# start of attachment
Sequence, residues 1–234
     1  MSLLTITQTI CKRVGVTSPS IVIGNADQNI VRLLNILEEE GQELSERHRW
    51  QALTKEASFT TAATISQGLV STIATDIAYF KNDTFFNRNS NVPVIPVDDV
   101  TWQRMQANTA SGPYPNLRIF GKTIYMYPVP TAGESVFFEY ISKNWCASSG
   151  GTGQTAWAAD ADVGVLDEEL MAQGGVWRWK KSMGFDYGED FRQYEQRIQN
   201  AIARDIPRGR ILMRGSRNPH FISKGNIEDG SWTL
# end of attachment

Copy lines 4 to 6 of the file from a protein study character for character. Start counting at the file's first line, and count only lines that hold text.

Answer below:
   101  TWQRMQANTA SGPYPNLRIF GKTIYMYPVP TAGESVFFEY ISKNWCASSG
   151  GTGQTAWAAD ADVGVLDEEL MAQGGVWRWK KSMGFDYGED FRQYEQRIQN
   201  AIARDIPRGR ILMRGSRNPH FISKGNIEDG SWTL